1. Ooh, yes, the phone is an easy crutch. If I’m at mingling-type parties and don’t have anyone to talk to, I do the “I have something so very important to attend to on my phone right now, thank you very much” thing.

  3. Oh this post is making me CRAVE an alone trip. My first taste of alone travel was when I went to visit a friend in DC during the workweek so I had all day to mozy about the museums on my own. Delightful! These days I like to catch a movie at this theater near my work on my own just cause I can. I used to NEVER be able to do this but I was in a film criticism class in college and there are only so many times you can bribe your friends into seeing mediocre-to-bad films in a semester, so eventually I had to go solo. And the world didn’t end! Now I just totally don’t give a shit if people think it’s weird that I’m alone no matter the location and it is so, so liberating.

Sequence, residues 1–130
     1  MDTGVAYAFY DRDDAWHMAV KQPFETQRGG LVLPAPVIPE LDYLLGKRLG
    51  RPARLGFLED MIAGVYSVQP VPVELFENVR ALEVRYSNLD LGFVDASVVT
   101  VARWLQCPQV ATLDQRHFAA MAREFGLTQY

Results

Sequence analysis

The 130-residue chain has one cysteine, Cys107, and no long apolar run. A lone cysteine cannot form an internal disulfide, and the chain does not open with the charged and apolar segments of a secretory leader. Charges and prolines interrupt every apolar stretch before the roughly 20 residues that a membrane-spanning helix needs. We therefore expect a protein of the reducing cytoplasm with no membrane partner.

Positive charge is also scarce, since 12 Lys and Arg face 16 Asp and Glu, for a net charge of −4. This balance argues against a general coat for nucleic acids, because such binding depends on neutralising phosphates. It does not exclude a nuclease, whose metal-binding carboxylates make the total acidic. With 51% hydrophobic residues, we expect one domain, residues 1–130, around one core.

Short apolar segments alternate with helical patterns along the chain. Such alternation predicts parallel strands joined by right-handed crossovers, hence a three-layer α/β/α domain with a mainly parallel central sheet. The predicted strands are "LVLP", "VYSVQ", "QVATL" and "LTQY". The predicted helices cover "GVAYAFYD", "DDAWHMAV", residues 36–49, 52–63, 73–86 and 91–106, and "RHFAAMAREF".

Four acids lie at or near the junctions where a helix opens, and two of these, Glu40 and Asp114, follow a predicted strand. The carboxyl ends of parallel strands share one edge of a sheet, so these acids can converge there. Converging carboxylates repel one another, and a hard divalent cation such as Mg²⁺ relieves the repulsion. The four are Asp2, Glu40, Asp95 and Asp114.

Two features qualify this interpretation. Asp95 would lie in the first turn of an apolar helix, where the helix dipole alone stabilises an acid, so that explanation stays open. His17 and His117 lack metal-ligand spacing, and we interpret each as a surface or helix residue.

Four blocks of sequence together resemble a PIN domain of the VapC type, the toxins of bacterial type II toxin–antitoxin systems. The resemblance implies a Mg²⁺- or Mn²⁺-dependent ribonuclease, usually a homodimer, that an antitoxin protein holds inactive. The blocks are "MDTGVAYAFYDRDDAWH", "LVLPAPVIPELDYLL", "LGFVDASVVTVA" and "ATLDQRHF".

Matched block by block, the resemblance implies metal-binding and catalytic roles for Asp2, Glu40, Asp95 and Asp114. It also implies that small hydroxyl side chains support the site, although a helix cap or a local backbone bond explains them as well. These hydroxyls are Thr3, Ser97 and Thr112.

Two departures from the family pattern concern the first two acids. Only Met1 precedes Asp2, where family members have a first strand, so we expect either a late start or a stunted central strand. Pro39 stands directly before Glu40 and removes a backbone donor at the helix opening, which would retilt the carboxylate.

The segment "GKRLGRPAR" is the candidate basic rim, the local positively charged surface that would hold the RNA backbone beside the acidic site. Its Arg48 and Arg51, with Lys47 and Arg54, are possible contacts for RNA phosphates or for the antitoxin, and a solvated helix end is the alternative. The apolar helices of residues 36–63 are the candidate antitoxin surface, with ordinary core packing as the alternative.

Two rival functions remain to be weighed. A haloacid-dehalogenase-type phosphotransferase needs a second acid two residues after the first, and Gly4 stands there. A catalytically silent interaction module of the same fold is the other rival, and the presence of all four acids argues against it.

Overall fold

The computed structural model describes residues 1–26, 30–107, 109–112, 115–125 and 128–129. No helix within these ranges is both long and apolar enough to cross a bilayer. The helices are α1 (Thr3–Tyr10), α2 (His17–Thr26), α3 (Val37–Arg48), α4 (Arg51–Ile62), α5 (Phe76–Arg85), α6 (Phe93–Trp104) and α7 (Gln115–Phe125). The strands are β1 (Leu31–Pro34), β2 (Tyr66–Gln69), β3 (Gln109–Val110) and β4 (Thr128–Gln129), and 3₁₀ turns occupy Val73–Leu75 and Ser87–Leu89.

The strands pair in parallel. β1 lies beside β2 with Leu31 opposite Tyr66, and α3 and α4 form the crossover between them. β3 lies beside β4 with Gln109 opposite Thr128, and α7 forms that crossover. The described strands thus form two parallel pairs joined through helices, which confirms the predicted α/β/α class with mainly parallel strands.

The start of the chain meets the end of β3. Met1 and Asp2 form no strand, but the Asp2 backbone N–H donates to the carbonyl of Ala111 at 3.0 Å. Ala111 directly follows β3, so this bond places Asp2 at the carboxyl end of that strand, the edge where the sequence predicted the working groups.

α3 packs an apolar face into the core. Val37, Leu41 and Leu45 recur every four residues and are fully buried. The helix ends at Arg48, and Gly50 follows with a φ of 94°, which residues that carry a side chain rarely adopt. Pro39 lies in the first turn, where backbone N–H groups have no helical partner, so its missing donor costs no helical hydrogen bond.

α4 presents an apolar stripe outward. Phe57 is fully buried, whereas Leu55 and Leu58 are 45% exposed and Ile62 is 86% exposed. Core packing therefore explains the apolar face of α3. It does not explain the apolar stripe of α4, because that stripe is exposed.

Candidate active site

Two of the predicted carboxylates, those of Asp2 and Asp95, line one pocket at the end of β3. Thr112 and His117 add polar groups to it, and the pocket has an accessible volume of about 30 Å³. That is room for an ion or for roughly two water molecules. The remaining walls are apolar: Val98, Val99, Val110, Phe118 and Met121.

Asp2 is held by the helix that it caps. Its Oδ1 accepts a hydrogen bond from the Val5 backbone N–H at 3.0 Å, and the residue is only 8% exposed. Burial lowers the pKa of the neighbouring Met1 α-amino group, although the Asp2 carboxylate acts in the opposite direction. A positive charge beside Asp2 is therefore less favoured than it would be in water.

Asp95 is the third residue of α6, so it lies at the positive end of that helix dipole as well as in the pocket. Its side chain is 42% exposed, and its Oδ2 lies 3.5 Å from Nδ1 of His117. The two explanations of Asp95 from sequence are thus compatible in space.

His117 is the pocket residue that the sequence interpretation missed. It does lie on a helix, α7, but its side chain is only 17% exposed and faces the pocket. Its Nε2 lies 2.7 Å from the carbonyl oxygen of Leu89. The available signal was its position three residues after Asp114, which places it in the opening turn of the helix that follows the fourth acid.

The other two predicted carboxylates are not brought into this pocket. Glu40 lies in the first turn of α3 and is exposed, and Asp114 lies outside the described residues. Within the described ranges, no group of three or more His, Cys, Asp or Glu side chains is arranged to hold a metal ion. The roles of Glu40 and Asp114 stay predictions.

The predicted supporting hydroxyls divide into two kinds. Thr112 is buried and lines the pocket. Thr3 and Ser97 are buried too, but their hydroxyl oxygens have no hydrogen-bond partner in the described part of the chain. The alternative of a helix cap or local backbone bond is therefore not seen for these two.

1. Isn’t it so funny how self-conscious we can be about being seen anywhere alone? Like something is wrong with us if we don’t have constant companionship. When most people (especially in New York City) are too busy minding their own business to even notice us at all. Liberating is definitely the right word!

  4. Ha! I love this. I really enjoyed your enthusiasm for it all – mixed with your hilarious inner monologue thoughts! the real life stuff and the scared and the quirky. Way to conquer that trip!